? ( Chafetz 1999, 745 )This does non discredit the NPT, it merely shows that better control and leading should take control over those who govern its authorization.A 2nd option for an alternate method of self-defence is to go on its at-tempt to enfold the universe within the US domain of influence. As President Clinton stated in 1993:? In a new epoch of hazard and chance, our overrulingintent must be to spread out and beef up the universe? scommunity of market-based democracies. During theCold War, we sought to incorporate a menace to endurance offree establishments.
Now we seek to enlarge the circle ofstates that live under those free establishments, for ourdream is of a twenty-four hours when the sentiments and energies ofevery individual in the universe will be given fulllook in a universe of booming democracies thatcooperate within each other and unrecorded in peace. ?( Kissinger 1994, 805 )It is true that this is rather an idealistic manner of thought. However, it is besides really true.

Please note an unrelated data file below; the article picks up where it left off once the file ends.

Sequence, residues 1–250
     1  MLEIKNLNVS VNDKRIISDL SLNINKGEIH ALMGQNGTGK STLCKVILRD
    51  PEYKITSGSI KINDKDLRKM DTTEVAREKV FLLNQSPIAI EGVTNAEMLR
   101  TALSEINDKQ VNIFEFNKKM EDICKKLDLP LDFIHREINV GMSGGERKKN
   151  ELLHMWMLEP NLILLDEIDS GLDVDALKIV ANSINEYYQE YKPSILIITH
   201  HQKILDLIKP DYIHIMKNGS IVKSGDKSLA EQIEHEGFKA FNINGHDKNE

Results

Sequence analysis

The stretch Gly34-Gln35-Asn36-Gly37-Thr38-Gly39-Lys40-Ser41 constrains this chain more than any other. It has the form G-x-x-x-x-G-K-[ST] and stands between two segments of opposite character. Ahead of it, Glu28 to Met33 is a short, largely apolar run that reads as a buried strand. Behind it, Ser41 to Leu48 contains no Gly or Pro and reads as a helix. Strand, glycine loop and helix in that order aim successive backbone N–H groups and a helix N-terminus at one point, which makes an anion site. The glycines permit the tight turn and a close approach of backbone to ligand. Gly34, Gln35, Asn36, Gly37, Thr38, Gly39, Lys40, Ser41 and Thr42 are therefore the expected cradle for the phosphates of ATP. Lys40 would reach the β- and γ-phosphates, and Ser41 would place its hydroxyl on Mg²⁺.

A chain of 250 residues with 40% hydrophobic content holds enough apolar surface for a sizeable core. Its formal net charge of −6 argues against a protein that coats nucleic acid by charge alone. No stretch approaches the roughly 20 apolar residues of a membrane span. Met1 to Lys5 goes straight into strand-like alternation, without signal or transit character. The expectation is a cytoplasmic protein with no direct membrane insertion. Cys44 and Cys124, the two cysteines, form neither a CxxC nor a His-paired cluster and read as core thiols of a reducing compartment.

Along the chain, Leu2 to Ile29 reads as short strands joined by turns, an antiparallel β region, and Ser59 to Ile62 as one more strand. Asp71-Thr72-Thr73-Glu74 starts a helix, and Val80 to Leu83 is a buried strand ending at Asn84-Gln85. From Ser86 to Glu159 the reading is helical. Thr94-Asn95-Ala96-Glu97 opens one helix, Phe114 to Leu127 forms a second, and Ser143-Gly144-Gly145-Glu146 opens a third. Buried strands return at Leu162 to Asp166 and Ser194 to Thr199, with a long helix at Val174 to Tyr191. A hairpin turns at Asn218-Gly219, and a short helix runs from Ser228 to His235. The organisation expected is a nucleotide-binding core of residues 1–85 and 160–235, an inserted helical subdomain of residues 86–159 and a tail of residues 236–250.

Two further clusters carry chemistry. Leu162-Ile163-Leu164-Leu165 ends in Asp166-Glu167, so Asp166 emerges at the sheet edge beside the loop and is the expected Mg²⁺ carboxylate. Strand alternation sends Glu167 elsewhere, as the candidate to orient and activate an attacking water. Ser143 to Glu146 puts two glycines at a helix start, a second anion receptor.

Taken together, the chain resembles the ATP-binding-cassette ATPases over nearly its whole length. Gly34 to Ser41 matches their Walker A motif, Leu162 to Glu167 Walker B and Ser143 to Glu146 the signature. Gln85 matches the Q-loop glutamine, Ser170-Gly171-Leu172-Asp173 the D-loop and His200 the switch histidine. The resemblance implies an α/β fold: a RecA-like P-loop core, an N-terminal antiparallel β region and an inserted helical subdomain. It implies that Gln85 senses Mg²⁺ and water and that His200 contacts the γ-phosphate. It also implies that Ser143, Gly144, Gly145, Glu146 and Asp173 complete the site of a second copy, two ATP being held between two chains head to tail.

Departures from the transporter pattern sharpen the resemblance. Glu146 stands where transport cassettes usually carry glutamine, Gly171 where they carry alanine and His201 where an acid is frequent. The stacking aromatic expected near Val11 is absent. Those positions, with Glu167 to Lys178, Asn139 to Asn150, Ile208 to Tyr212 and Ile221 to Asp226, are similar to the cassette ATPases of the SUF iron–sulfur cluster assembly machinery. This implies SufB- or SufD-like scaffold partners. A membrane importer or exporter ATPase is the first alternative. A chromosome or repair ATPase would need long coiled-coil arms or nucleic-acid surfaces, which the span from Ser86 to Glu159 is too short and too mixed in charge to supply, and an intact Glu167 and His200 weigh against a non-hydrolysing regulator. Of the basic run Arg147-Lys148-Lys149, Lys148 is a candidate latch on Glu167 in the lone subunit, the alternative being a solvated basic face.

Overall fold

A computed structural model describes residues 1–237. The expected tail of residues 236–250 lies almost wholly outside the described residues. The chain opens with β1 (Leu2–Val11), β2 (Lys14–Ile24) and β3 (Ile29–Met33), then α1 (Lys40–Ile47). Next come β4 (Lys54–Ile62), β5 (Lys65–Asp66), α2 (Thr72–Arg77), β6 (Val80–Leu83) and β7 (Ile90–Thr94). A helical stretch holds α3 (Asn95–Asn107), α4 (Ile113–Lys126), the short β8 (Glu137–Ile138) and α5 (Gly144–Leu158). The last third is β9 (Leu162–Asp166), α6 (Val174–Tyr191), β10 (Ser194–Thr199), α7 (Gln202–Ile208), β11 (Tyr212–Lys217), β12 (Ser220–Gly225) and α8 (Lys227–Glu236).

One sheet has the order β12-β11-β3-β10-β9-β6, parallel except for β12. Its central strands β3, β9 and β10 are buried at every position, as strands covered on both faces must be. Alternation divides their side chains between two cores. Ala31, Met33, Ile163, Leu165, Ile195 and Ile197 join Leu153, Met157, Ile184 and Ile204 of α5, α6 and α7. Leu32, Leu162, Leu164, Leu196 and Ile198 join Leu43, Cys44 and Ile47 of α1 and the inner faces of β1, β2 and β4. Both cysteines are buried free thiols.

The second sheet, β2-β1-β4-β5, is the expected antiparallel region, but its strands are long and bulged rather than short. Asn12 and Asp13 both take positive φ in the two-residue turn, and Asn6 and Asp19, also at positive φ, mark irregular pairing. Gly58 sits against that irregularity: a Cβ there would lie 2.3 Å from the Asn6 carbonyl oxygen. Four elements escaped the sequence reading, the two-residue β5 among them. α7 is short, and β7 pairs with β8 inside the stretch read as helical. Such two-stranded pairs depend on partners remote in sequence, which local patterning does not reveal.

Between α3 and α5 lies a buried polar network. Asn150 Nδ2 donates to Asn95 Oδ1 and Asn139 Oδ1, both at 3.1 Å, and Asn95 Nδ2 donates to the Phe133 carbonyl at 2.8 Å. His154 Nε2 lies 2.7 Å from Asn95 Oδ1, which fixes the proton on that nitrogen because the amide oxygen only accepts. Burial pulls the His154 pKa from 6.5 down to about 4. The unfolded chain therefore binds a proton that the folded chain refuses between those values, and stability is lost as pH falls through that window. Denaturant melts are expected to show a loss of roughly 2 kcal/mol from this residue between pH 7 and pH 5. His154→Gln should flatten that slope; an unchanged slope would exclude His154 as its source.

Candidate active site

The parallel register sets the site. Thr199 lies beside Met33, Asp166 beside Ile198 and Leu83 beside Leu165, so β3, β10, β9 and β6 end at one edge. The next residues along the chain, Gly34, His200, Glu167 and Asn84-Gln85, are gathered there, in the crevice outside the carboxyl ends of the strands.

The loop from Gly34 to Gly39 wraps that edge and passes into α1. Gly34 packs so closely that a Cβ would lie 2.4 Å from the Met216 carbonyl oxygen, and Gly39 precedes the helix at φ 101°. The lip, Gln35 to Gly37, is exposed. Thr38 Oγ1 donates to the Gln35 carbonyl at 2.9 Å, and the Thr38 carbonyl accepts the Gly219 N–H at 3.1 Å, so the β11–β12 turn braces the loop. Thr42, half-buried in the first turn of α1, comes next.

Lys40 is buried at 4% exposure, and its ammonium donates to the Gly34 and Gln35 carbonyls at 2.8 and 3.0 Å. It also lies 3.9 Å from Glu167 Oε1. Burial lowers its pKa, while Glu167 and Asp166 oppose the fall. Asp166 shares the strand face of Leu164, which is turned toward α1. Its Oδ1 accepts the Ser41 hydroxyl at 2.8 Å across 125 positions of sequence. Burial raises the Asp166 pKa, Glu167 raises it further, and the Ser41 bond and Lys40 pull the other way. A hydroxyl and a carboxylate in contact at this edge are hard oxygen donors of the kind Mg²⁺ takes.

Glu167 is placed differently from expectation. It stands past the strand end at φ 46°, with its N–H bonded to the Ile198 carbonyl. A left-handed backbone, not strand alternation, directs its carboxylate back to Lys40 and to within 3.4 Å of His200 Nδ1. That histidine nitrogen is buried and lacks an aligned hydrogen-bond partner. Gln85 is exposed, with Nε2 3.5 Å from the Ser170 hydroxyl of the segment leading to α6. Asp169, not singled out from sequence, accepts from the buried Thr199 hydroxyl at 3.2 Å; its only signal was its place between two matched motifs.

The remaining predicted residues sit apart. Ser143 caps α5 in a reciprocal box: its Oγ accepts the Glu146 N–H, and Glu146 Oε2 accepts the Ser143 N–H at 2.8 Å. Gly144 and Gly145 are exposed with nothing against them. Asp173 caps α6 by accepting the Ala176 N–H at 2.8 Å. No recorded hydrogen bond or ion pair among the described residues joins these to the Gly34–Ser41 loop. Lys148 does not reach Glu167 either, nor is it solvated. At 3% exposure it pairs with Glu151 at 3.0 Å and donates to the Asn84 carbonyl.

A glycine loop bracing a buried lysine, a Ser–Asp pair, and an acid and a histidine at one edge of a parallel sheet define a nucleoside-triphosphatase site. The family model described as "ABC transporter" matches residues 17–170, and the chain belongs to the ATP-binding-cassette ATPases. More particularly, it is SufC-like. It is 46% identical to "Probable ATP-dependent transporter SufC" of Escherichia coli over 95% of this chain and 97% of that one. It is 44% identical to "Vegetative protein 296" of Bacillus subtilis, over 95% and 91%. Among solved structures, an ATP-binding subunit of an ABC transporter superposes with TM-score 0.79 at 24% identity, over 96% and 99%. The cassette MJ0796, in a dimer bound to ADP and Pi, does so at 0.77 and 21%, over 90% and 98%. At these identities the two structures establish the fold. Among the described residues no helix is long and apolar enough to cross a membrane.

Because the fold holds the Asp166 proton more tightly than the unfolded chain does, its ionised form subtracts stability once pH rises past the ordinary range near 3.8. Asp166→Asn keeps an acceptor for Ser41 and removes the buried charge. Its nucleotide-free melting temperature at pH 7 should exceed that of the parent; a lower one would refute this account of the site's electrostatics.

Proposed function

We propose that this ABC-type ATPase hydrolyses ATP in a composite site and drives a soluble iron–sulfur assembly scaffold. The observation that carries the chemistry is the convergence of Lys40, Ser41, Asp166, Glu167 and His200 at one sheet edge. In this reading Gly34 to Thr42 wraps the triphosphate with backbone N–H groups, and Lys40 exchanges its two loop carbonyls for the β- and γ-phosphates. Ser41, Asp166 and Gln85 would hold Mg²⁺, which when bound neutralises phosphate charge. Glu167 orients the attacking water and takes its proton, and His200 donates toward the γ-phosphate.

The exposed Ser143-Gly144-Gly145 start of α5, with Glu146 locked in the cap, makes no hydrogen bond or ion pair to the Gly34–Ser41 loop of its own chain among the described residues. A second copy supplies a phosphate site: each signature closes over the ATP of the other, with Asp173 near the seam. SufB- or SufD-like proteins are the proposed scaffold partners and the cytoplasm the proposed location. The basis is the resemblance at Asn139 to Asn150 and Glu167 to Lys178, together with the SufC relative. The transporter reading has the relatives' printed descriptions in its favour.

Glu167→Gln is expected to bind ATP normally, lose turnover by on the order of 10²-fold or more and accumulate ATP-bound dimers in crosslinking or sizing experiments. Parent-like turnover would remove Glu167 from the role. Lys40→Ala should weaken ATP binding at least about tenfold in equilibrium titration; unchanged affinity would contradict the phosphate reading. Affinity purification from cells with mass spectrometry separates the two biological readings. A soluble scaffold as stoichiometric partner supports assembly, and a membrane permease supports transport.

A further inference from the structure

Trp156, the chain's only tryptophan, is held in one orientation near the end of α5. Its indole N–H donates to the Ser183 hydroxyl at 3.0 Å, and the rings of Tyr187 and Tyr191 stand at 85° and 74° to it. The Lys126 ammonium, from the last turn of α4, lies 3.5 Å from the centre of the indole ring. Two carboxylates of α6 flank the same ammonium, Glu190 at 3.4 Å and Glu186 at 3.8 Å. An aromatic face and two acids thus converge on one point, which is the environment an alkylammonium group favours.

If a bulk of the universe were to be allied with each other, so no non-aligned province would make bold to assail one of these democracies. This theory does, nevertheless, have its false beliefs, harmonizing to Henry Kissinger. If there is? an absence of both an paramount ideological or strategic menace, ? so single provinces are allowed to prosecute foreign policy? based progressively on their ain immediate national interest. ? ( Kissinger 1994, 805 ) If all of these democratic provinces work towards foreign policy that is merely in their ain opportunism, so one time once more the universe could make a type of base off similar to that of the Cold War. While it might non needfully be a atomic draw, or even military related, it could do tensenesss to indurate one time once more. However, every bit long as every one of these democracies, who are merely working in for their ain national involvement, recognize that build-ing a atomic arm is non in anybody? s involvement, the universe can take a breath easy because cipher will desire to get atomic arms. Why is it non in a province? s ego involvement to construct a atomic device? Won? T that give it power over others? The truth is, as we have already seen, if one province has atomic capablenesss, so all the other provinces will work to-wards this every bit good, one time once more go forthing the fright of Mutually Assured Destruction as the footing of experiencing safe. If cipher has atomic capablenesss, nevertheless, so each province has perfectly nil to worry approximately.